2) In this introduction Taylor hints that he will trace the influence of academia on public thought. I am hoping. As a theologian I've seen a lot of disconnection between my discipline and the lived experience of religious communities. I suspect that a robust theological imagination would help these religious communities navigate this secular age. I am referring to something more intellectually honest than the current anti-postmodern apologetics that I too often see being read by religious practitioners. I'll be watching this aspect of Taylor's discussion keenly.

3) Taylor has a bigger goal than merely tracing the loss of a religious core to society. He sees this secular age as a moment of "purely self-sufficient humanism" which Taylor sees as a transitional form spelling the end of naive religiousity and beckoning a new era (axial perhaps) of religion that relates to society in intellectualy and spiritually engaged ways. This is similar to the idea of postmodernity as a provisional name for a shift that we are in the midst of, and a moment that might hint at where we are going but really is throwing open possibilities the modernist mind is not willing to entertain. Unfortunately this moment also is a time of retrenching and trying to recapture the lost naivity; the rise of religious fundamentalism throughout the world is evidence of this trend.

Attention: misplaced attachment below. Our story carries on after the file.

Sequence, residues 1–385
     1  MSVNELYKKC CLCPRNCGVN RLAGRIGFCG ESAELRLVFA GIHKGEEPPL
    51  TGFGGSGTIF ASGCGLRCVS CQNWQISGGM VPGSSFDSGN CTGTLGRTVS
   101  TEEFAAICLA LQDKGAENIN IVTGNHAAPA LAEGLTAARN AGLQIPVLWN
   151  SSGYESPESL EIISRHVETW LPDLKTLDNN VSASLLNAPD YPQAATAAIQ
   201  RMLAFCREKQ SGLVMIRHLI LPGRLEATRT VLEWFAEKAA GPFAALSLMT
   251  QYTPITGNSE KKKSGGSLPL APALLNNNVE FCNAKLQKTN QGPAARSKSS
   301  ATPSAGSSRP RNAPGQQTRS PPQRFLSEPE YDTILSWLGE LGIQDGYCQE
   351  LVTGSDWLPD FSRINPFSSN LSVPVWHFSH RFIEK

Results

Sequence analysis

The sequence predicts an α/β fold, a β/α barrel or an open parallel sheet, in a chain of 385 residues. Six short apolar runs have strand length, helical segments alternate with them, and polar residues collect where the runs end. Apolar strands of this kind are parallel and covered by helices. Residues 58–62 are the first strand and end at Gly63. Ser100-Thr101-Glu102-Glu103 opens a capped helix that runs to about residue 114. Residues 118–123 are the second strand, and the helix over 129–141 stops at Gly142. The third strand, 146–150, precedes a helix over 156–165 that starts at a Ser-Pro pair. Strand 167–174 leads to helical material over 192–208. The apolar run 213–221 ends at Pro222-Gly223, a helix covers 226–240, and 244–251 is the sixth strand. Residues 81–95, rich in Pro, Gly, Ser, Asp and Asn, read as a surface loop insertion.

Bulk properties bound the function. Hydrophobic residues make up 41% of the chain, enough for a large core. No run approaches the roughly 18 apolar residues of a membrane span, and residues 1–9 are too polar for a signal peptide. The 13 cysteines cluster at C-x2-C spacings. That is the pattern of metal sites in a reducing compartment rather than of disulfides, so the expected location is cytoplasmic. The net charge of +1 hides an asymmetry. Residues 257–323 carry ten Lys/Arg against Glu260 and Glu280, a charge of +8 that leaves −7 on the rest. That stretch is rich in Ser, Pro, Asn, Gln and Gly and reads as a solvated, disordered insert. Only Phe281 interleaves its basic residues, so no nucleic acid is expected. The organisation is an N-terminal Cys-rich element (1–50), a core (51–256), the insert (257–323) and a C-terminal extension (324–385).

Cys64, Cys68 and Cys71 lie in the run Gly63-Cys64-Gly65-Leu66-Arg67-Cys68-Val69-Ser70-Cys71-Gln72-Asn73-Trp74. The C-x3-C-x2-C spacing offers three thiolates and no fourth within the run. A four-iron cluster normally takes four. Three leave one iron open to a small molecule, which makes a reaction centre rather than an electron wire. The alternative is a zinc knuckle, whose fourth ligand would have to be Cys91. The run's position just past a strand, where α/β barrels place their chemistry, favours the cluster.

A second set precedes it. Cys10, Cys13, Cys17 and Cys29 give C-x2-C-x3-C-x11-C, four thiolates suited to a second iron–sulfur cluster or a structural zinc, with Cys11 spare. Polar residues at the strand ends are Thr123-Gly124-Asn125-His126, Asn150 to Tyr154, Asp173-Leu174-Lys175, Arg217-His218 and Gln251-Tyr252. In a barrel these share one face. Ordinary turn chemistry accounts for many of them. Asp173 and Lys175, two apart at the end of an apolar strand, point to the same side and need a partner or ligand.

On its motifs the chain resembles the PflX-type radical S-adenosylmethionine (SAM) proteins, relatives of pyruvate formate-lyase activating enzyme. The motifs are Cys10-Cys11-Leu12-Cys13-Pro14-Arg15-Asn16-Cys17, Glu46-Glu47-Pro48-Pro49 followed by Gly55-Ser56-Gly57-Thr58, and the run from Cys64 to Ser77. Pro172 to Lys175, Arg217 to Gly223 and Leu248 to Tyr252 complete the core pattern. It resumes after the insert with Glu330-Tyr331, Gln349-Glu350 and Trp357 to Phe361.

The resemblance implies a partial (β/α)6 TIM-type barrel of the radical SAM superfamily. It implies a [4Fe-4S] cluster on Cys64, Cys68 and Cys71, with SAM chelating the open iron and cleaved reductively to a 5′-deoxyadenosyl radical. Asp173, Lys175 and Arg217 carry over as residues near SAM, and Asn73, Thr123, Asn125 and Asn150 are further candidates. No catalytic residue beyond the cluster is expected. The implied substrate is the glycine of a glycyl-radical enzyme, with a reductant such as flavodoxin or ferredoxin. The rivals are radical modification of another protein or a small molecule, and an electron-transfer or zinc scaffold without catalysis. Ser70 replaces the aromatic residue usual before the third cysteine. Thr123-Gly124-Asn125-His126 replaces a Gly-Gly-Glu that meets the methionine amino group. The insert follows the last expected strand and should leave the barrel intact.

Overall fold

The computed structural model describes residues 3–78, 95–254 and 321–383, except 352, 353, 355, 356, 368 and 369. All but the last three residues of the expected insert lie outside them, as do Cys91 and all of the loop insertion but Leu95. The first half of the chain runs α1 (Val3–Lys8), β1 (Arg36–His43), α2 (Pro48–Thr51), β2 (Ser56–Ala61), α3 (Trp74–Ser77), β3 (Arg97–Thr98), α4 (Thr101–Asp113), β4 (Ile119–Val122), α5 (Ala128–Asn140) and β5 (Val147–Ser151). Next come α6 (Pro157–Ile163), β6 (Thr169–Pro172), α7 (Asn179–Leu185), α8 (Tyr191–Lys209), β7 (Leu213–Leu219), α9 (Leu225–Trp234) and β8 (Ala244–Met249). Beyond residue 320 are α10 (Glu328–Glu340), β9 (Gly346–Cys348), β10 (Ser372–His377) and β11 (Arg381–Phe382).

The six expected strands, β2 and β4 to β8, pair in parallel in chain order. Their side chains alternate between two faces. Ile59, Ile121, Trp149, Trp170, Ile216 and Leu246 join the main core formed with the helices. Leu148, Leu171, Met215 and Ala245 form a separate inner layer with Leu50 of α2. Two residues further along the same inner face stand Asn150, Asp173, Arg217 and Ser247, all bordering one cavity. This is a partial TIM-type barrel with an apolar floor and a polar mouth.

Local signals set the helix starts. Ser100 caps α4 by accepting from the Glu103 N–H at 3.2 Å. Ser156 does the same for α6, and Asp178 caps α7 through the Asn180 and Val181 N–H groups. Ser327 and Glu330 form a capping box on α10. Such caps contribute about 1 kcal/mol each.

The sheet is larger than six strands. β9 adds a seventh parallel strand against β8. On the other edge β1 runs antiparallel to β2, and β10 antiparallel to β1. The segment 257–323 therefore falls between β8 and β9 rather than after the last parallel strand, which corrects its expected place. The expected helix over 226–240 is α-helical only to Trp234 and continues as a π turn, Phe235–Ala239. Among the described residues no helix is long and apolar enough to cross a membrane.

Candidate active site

A Time to Recharge...

Sorry if it has been quiet around here. This has been a great time of recharging. I'm trying to get caught up on my Early Reviewer's book reviews! Three books are in the queue and one from Thomas Nelson, which is a study bible that I'm frankly bored with. Oh well, work needs to be done. I am also mulling over the intro to Taylor's Secular Age which I need to blog about soon. Soon...

Sharon got a really awesome camera for Christmas, so I've been playing with that a lot. A Canon Rebel XSi. We have been talking about buying a DSLR for about three years and last year we were going to spend all the Christmas money from family on one - but life intervened. This year we made good, it was really the one big gift we got and it is something for both of us. Sharon does a lot of scrapbooking so she takes lots of photos, and well I like shooting them! Although the 16G SD card was definitely overkill - I almost fell over when I saw how many photos it can hold. After playing with it for a few days now I can see why my buddy Richard loves his Rebel so much, it is a fantastic camera, with tonnes of shortcut controls all over the body. I'm working through the for Dummies book for this model, Richard recommended that one to me, it is really thorough.